NUCLEAR PHYSICS: Accelerator Probes the Private Lives of Nucleons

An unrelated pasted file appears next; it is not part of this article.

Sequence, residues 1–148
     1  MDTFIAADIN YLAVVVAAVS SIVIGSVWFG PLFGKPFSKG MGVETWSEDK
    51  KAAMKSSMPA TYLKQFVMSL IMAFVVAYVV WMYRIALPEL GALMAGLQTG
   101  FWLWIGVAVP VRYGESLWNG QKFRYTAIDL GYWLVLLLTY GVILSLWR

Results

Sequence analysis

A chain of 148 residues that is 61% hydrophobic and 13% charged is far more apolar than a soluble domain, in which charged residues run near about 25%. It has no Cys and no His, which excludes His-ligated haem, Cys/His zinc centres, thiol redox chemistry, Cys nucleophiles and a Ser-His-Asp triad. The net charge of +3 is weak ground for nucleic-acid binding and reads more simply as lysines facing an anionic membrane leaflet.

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{ESEARCH NEWS 1 from the target, while two newly built proton detectors track protons knocked from oxy- gen nuclei in the target. A scattered electron and two protons emitted all at once signal a rare double knockout event; the group spot- ted about 5000 of these in all. From the momenta and energies of the scattered electron and emitted Drotons. the researchers can determine the protons' origi- nal relations hi^ inside the nucleus. Particu- lar patterns of momentum mark proton pairs that were originally close neighbors, on the point of being flung apart by the repulsion between their quark cores. Focusing on those events that involved closely interacting protons, Ondewater and his colleagues were able to reconstruct the energy states of the original nuclei, which cor- respond to the energy of the closely interact- ing proton pairs. "This is the first experiment of this kind that is really able to make a dis- tinction between the different states," he says. By comparing their results with recent calculations that attempt to accommodate SRCs, Onderwater's team concludes that about 70% of the proton pairs they detected were originally interacting very closely. The finding supports a picture of the nucleus in which many nucleons have a higher mo- mentum than a mean-field approach alone One Molecule Orchestrates Amoebae F o r a mere soil-dwelling amoeba, Dictyo- stelium manages some impressive feats of orga- nization. When food is scarce, individual cells band together with their comrades to form a mound that crawls to better pastures and dis- perses by building a stalk and a spore body. Researchers have struggled for years to under- stand the simals that coordinate this multi- may have the leading role. Says Loomis, "The universality of this is very important." For decades, cAMP has been the center of attention in the study of Dictyostelium devel- opment. The molecule, synthesized by an enzyme called adenylyl cyclase, initially seemed to have many faces. Inside individual cells. it binds to PKA and marks it into ac- - farious behavior, hoping to gain insights into tion to trigger cell differentiation. Outside the development of more complex organisms. the cells, it acts as a molecular magnet, draw- Now, with a paper in this issue, the picture has ing single cells into well-integrated struc- been dramatically simplified. O n page 25 1, Bin Wang and Adam Kuspa of Baylor College of Medicine in Houston show that a single molecule-an enzyme called PKA-can single-handedly drive all steps of develop- ment: clumping together; forming the cell cluster or slug; and differentiating into stalk or spore cells. The find- ing narrows the role of an- other molecule, cyclic AMP (CAMP), which activates PKA and can also act as a sig- nal in its own right. Re- searchers had suspected that tures. Many other roles for cAMP had been proposed, but no one had been able to pin them down or gauge their importance. Kuspa and Wang had run across mutant amoebas that hinted that cAMP might be less crucial than many researchers had thought. These mutants had inactive adenylyl cyclase enzymes, yet they managed to de- velop normally. Given the many open questions about CAMP'S roles, Kuspa says he and Wang, a graduate stu- dent in his lab, decided to CAMP might work via many Migratory slugs. Djctyosteljum take a closer look at such other pathways, says long- mutants lacking cAMP (top) be- mutants. "We had been star- time Dictyostelium researcher haved like normal organisms. ing at the data for 2 years, William Loomis of the Uni- (Bar equals 0.z5 millimeter.) and we just had to test this versity of California, San Di- the best way we knew how." ego (UCSD). Now, "the paper shows that es- They began with a well-characterized sentially all of the internal cAMP responses are adenylyl cyclase mutant--one that essen- mediated by PKA." tially made no traces of the enzyme-provided Besides telling Dictyostelium researchers by Peter Devreotes at Johns Hopkins Univer- that they needn't look for alternative cAMP sity in Baltimore. Next, the Baylor researchers signaling pathways to drive development, the genetically engineered the mutant so that its finding also has an important message for re- cells produced high levels of a mutant PKA searchers studying higher organisms. There, that was permanently turned "on," even with- PKA and cAMP are key actors in everything out cAMP to activate it. The Baylor team then from embryogenesis in fruit flies to memory in watched how these microorganisms developed mice, and the new finding suggests that PKA over the course of 24 to 30 hours. would predict. Tha t would explain why ear- lier single-proton knockout experiments, looking at only low momenta, could not see many of the protons. The technique should eventually reveal even more details about SRCs, says Onder- water. "It's aimed at providing more informa- tion on how the mean-field model should be extended in order to incorporate this strong repulsive core in [nucleons]," he says. Soon, the private lives of nucleons may be a mys- tery no more. -Andrew Watson Andrew Watson is a scieme writer in Norwich, U.K. To their sumrise. the mutants looked and behaved virmaily the same as normal organ- isms. Moreover. when the researchers tested the activity of specific genes that are turned on and off at articular times in Dictvostelium de- velopment, they observed a normal pattern. "The cell-type specific genes were turned on at the same time as wild-type," says Kuspa. "That was probably the most shocking thing." Not only was the cells' internal signaling taking place normally, but the collective behavior of the cells also ameared normal. They bunched together a& formed stalks and mores-events that researchers had thought could only be orchestrated by pulses of CAMP. Only when the density of cells was low did the lack of cAMP seem to prevent the mutants from building normal mounds. "The intriguing thing is that the organism can bypass a number of events that normally require cAMP in the wild," says develop- mental geneticist Richard Firtel of UCSD. K u s ~ a believes the mutants can eet around u the need for the chemical signal by bumping into each other, triggering alternative signal- ing pathways that require only PKA. A t first sight, the results appear at odds with Firtel's own findings. He and his col- leagues had created similar mutants and found that they failed to develop normally. But Firtel thinks the discre~ancv mav stem from "too much of a good thing.;' While Kuspa's mutants produced twice the normal levels of PKA, Firtel's organism overproduced the en- zyme in much greater amounts. "It just means that vou need a s~ecific amount of PKA . . . to prod"ce the o b s k e d phenotype," he says. If PKA in iust the right amount can serve as - a master coordinator of development, "the subtleties go way beyond Wang and Kuspa," says Loomis. "The findings could be used as a guideline for studies of all vertebrate and inver- tebrate development-in addition to being fas- cinating for ktyostelium in and of itself." -Trisha Gura Trisha Guru is a science writer in Cleveland. 182 SCIENCE VOL. 277 11 JULY 1997